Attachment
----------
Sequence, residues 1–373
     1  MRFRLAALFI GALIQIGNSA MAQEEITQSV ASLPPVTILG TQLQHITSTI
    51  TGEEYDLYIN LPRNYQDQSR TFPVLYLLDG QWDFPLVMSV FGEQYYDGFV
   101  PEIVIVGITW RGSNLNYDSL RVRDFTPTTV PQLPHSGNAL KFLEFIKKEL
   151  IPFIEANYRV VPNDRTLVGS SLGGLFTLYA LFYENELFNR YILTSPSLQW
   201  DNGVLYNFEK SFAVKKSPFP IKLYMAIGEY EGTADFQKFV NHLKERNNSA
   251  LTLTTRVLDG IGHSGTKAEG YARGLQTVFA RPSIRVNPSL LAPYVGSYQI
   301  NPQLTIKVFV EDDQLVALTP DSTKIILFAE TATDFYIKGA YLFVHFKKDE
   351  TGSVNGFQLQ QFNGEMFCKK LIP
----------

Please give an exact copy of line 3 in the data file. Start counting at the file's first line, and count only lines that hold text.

    51  TGEEYDLYIN LPRNYQDQSR TFPVLYLLDG QWDFPLVMSV FGEQYYDGFV